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Re: When 60/40 just isn't appropriate

Post by burt » Sat May 13, 2017 5:13 pm

60/40 is Ok in retirement if... when stuff hits the fan the impact is downsizing from a Mercedes to a Buick.
It's not OK if you downsize from 3 meals a day to 1 meal a day.

I'm at 30/70 and feel pretty comfortable with that.


burt

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Re: When 60/40 just isn't appropriate

Post by BlueEars » Sat May 13, 2017 9:54 pm

I've looked at some VPW scenarios and it seems that there is not a whole lot of difference in portfolio outcomes between 60/40 and 40/60 in really bad markets (like the period 1966 to 1980). But simulations don't seem to cover the current low real bond rates very well.

So I'm OK right now with 60/40 and am willing to go towards 40/60 should certain fundamentals change ... like a flattening yield curve.

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Re: When 60/40 just isn't appropriate

Post by Explorer » Sun May 14, 2017 6:09 am

burt wrote:60/40 is Ok in retirement if... when stuff hits the fan the impact is downsizing from a Mercedes to a Buick.
It's not OK if you downsize from 3 meals a day to 1 meal a day.

I'm at 30/70 and feel pretty comfortable with that.


burt


I align with this simple rationale. With the stock bull market long in the tooth (since 2009) and myself approaching retirement in 5 years or so, I am beginning to shift towards 30% to 40 % equities and the rest in bonds/cash.

It is a personal decision, however, on the allocation ratio. Thanks for the replies.

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Re: When 60/40 just isn't appropriate

Post by saltz1979 » Sun May 14, 2017 6:21 am


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Re: When 60/40 just isn't appropriate

Post by friar1610 » Sun May 14, 2017 5:43 pm

I reread this entire thread. (I vaguely remember reading it a couple of years ago.) I found it very interesting with lots to think about. Rick Ferri's 30/70 seems a tad bit conservative for me as a retiree (72 with a spouse 70) although I understand he recommends it as a starting point for discussion. The wealth of different opinions, analyses and data on AAs is just mind-boggling. I keep coming back to the opinions of two wise men, both of whom appeal to the KISS principle:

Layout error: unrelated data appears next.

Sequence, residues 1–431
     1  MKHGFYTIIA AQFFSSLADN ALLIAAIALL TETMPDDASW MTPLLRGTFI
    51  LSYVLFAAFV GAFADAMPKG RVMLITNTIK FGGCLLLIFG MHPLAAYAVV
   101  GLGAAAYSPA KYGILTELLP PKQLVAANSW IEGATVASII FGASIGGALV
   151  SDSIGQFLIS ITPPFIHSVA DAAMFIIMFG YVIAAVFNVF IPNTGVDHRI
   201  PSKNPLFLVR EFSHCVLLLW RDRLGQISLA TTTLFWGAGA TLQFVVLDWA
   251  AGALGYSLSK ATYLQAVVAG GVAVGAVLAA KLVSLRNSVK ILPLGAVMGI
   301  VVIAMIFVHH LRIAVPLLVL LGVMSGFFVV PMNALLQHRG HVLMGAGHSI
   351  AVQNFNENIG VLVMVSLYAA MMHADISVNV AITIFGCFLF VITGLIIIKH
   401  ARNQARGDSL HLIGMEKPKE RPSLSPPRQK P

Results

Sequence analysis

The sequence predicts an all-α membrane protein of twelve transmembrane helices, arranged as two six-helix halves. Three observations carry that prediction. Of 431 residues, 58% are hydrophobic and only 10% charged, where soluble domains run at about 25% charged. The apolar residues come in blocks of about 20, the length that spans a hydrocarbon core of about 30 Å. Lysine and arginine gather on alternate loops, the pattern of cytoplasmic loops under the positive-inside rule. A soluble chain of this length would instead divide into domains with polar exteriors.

- Taylor Larrimore's injunction to never have more in stocks than you can afford to lose.
- Prof. Markowitz's 50/50 default position. If he doesn't know which asset class is going to do best going forward, I sure as hell don't.

The result is that I come down on the side of about 45/50/5 with an equity range from 40 - 50%.
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Re: When 60/40 just isn't appropriate

Post by BlueEars » Sun May 14, 2017 8:03 pm

I was comparing 60/40 versus 40/60 using the VPW tool and a start date of 1966 for the simulation. This is the worst period in modern history for a retirement portfolio of standard construction. It seemed to show similar results for both AA's, not quite what I would have guessed.

But this nugget of information is worth mentioning: the simulation with a US equity versus the US+international equity showed the (at least for this period) the international equity helped a lot. Specifically it points to periods after 1972 as being helpful to have the international. Before 1972 the international data was not available.

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Re: When 60/40 just isn't appropriate

Post by finite_difference » Sun May 14, 2017 9:47 pm

Ki_poorrichard wrote:
scone wrote: I think the 30/70 portfolio, with a 2.5% withdrawal rate, will go through hell and high water.

+1


With a 2.5% withdrawal rate, 60/40 will go through hell and high water too. So would 100/0, assuming you have a mix of US and Intl stocks. 2.5% is barely beating inflation.. you'd probably be better off buying an SPIA.
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Re: When 60/40 just isn't appropriate

Post by Johnnie » Sun May 14, 2017 9:59 pm

Paul Merriman's distribution tables showing the performance of $1 million from 1970 to most recent year are where I got the idea that 60/40 was the "sweet spot." Just from staring at them you can see its better success rate during this particular wild ride of a 45 year period. Each table is for an annual distribution rate of 3% to 5%, fixed and variable, and shows in 10 percent increments how portfolios from 0/100 to 100/0 did, using something like his model equity portfolio.